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Intrepid adventurer Richard Kohler is just days away from leaving Cape Town for a solo surfski paddle across the South Atlantic to Salvador in Brazil, aiming to become the first person to complete the 7,000-mile journey alone and unsupported.
Kohler, 52, will be paddling a specially designed surfski named “Osiyeza”, after the Johnny Clegg song The Crossing, aiming to raise money and awareness for the Operation Smile charity.
Kohler’s unique 8m-long craft has been modelled around a traditional surfski that he paddles frequently, modified to accommodate a hatch that will house his essentials and allow him to sleep. His paddles are substantially longer than traditional surfski paddles to enable him to reach over the unusually wide ski.
He plans on paddling about 15 hours a day, aiming to cover 100km daily and to take between 70 and 90 days to reach Salvador, but hoping it could take 60 days or less if all the conditions work in his favour.
“I am hoping for two months of downwind paddling bliss,” he said.
Kohler is finishing up the last of the paperwork that needs to be done, including setting up his emergency beacon communication system to make sure he can reach out for help if he runs into trouble.
“For every possible problem I have a plan A, plan B and a plan C,” he said, adding that the one issue that might threaten his record bid would be if the machine for making fresh water fails.
“Even then I will be able to harvest rainwater and make a plan. Running out of water is a potential showstopper.”
Fully loaded, his enlarged surfski will weight 450kg and can cruise at about 6-7km/h.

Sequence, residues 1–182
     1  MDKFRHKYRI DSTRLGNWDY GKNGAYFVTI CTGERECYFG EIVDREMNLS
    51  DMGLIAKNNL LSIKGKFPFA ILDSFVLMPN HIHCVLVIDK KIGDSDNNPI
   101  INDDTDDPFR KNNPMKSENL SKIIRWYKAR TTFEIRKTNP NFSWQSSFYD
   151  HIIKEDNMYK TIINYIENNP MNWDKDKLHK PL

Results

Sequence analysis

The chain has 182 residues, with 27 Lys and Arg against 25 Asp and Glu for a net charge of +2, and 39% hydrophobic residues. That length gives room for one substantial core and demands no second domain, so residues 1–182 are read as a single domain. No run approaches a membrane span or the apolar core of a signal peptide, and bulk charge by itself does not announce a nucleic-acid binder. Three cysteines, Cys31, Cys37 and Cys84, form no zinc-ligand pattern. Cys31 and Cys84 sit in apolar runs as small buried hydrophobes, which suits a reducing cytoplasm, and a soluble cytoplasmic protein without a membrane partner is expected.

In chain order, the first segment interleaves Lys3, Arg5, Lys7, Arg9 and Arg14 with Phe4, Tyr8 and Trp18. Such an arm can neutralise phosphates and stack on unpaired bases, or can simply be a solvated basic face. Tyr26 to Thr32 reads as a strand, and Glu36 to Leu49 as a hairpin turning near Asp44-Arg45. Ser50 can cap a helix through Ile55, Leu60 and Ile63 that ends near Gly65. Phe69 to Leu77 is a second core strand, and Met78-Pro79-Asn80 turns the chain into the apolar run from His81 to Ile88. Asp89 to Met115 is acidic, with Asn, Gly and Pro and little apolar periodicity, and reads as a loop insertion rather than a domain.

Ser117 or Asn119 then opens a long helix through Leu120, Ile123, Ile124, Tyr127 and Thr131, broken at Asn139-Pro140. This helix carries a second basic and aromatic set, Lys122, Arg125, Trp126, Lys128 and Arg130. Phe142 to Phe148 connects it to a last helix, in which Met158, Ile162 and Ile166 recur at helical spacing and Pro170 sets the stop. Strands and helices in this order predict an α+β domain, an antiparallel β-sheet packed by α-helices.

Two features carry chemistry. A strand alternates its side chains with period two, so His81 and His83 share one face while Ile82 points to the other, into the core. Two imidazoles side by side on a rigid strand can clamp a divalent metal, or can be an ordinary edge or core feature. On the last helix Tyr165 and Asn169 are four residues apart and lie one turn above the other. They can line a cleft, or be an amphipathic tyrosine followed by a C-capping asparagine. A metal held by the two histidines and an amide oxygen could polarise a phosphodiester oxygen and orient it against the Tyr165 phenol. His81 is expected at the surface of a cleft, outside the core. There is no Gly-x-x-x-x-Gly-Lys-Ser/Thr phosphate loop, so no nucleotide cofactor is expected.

He will carry 90kg of food on board and plans a diet of dried “space food” supplemented with fats from olive oil, coconut oil, medium-chain triglycerides oil and macadamia oil. “In effect, an athlete keto diet,” says Kohler.
He won’t be relying on catching fish to eat, though he concedes that he will be dragging a fishing line from his boat. “Mostly as a form of entertainment and to deal with the boredom.”
Having undertaken similar adventures before, including becoming the first person to paddle the entire length of the SA coastline in a surfski, he has a plan to deal with the physical demands of the adventure.
“Like ultra-paddler adventurers such as Freya Hoffmeister, I like to go into the journey undercooked and get fitter as I go along. I accept that there is nothing you can do about the muscle pains, the blisters and the chafing. You just have to deal with it. Mentally, you tend to find the first 10 days are pretty miserable and then you adapt.”
As a seasoned ocean sailor and paddler, he is ready for any conditions that he might encounter in the South Atlantic.
The bank of solar panels on the back deck of his ski will provide a huge 460 watts of power to run his equipment, powering his cooking and communication gear.
“I have a fantastic comms set-up and on-board Wi-Fi,” he said. “But with data via satellite costing around R10,000 a gig, I have to be sensible.”
Kohler is waiting for favourable weather to set off on his trip, which in all likelihood will be around mid-December.
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Published by Arena Holdings and distributed with the Financial Mail on the last Thursday of every month except December and January.